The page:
WHY is Cardi B’s Music SO Replay-Worthy?

Apr 07, 2018 by [email protected] - Comments Off on WHY is Cardi B’s Music SO Replay-Worthy?

I myself have been guilty of listening to Cardi B and Migos tracks on repeat, and I believe I’ve found one of the secrets as to why her tracks can be left on repeat. It’s not so much the mixes, which are always on point, and are some of the best I’ve come across as far as clear, loud, creative mixes, but rather the arrangement of the tracks themselves. As a case study of sorts, I’ve decided to map out the song “Drip (feat. Migos)” by Cardi B off her debut album, Invasion of Privacy, and while I was at it, created a similar sounding track, with an identical arrangement, which I’ve screenshotted below.

For this track, it’s easiest to think in blocks of 8 bars. Follow along with the above screenshot, and note the different color blocks differentiating different MIDI patterns. I’ve gone ahead and segmented each part of the song in terms of Intro, Chorus, Preverse, Verse, and Outtro.

The track starts with the melody line, super rigid on the spectrum, only audible from about 300hz-1khz, leaving tons of room for drums and vocals. The 16 bar intro serves the purpose of introducing the melody and letting the ear settle into a relatively quiet part of the arrangement. The drop goes right into the chorus, which is split between Cardi B and Migos respectively, each of the vocalists getting 8 bars. Arrangement-wise, the chorus is interested because it introduces another melody, and also takes the first melody and simplifies it, every 4 bars pitching it down an octave.

After the chorus comes a 8 bar pre-verse and a subsequent 16 bar verse. In the pre-verse, the melody stays in the lower octave, and the second melody drops out. The drums are cut out, creating a contrast between the chorus and the verse, but the drums are put back in the mix when the rest of the verse comes in. Some percussion and hats remain omitted from in the verse so that when the chorus drop again, there is a perceived increase in the overall energy of the track.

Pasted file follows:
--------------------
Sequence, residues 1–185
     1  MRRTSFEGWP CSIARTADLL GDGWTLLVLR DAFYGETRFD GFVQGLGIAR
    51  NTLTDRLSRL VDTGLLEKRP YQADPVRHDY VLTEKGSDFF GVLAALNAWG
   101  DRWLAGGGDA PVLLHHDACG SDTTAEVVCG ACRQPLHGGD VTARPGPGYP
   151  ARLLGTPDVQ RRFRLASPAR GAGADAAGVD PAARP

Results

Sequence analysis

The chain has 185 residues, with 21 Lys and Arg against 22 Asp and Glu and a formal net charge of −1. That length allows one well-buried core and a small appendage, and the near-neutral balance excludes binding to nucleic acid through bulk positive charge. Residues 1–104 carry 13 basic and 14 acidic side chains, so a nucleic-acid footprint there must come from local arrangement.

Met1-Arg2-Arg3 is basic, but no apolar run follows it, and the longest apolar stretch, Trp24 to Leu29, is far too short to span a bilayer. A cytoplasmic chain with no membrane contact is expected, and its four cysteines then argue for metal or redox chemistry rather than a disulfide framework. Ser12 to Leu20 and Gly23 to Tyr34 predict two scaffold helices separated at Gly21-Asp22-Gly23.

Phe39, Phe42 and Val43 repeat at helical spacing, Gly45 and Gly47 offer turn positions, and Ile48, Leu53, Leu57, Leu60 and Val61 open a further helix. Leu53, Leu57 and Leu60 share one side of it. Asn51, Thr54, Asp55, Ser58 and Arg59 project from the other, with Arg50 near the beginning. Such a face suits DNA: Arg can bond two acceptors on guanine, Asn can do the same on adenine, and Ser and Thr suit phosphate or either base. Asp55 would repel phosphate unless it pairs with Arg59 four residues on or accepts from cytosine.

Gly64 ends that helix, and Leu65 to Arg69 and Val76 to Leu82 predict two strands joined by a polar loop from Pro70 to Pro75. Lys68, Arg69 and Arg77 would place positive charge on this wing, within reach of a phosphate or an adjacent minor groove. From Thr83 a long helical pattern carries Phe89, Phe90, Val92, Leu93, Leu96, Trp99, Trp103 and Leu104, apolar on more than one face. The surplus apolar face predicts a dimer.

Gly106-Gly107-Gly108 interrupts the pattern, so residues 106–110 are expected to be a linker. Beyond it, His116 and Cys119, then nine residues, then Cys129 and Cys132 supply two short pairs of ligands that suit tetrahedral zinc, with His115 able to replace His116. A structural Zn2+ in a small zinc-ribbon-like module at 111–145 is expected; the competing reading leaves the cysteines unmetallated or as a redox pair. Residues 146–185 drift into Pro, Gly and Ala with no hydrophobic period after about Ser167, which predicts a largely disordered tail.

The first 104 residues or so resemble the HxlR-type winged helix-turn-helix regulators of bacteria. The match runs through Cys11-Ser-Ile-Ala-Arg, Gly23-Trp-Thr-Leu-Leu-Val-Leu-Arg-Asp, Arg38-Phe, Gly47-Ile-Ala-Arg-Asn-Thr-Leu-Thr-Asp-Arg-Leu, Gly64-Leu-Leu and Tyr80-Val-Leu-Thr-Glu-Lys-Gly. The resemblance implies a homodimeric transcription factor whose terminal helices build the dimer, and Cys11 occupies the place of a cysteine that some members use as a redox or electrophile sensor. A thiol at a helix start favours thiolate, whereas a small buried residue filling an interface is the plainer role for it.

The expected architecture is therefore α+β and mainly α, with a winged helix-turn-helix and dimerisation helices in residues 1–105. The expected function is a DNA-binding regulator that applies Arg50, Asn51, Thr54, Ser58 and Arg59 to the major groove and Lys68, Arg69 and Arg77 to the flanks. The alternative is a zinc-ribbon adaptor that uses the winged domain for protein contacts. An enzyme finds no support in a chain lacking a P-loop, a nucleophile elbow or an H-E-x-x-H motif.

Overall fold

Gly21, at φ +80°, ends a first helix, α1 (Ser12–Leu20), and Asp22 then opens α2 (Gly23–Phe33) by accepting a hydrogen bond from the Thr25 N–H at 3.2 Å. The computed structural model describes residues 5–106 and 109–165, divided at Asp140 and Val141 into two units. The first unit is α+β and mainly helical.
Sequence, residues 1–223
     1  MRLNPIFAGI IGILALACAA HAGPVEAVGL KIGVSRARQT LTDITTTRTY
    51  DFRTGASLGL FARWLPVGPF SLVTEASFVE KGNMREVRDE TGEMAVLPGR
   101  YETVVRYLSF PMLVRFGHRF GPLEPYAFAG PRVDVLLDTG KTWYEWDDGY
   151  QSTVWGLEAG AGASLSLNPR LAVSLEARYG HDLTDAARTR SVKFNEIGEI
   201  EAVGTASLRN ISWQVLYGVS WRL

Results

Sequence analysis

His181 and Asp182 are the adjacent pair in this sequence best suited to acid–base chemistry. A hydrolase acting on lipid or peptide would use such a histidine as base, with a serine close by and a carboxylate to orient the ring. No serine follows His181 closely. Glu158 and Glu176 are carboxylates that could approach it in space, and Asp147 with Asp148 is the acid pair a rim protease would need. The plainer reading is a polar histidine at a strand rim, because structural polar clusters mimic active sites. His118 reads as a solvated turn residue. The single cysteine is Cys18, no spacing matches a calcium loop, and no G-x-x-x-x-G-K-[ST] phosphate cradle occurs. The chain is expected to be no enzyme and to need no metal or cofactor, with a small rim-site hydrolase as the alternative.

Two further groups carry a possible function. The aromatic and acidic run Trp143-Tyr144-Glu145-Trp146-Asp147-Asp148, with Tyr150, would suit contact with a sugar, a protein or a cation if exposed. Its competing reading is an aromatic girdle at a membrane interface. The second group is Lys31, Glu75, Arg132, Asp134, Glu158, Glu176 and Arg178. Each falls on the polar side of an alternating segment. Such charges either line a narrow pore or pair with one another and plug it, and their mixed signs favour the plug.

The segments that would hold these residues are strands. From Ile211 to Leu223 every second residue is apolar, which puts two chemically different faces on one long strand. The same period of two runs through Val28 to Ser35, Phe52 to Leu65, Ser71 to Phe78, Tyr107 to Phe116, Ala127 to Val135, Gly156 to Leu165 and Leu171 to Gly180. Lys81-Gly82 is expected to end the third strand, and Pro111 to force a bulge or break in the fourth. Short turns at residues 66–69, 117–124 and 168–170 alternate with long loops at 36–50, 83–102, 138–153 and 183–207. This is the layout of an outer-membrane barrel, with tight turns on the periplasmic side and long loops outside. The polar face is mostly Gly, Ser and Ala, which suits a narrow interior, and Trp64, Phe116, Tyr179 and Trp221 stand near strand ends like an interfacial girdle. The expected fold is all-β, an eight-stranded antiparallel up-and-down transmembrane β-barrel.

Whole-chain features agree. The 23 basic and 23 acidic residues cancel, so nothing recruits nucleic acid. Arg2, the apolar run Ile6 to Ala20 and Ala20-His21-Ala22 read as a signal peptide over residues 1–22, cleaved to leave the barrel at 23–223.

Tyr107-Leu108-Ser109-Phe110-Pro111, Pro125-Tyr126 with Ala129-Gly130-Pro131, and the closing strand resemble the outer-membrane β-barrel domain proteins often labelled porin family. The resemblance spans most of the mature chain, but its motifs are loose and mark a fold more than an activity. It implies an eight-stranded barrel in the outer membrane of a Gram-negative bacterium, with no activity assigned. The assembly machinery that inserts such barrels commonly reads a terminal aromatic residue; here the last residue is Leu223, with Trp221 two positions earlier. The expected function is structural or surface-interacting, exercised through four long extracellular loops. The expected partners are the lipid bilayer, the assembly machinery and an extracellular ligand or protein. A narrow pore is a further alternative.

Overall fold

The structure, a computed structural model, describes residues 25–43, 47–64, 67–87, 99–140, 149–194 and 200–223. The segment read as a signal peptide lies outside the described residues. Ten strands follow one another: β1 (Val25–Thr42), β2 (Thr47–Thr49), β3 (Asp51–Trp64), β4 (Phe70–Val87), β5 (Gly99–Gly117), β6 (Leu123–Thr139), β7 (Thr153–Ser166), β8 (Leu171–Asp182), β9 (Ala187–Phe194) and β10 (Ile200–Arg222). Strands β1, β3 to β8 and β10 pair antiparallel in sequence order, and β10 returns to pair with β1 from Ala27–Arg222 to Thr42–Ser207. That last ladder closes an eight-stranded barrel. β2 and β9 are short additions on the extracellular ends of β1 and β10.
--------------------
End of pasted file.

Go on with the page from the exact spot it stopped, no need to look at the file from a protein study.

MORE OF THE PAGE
By looking at the screenshot, we can see that there are two repetitions of Preverse->Verse->Chorus. What comes after is what I have found to be the “replay factor”. After the third chorus, there is a quick, 12 bar verse from Quavo that breaks the previously set pattern in the song. There’s no pre-verse, and it leads right back into the Chorus and Outtro. This simple arrangement essentially allows for a chorus that’s twice as long without annoying the listener. In the last minute and a half of the song, nearly a full minute of it is the chorus, “Came thru drippin”.

The split-chorus, combined with the short verse separating the double chorus gives the song the ability to immediately become stuck in the listener’s head, while still providing variety upon repeat listens. This technique is a great replacement bridge, which can be hard to fit into a hip-hop or RnB song. My old jazz history teacher, Bill Ellis, used to say that you can tell a good songwriter by the quality of their bridges. In the lazy world of computer-production and volumes of hip-hop beats, I think this is an excellent workaround that’s easily replicable.

Thanks for checking out my breakdown of this Cardi B / Migos track, I hope you enjoy my rendition of the beat as well, which I’ll post below. Be sure to follow me on Twitter @mastr.prod for the latest updates at MASTR Productions.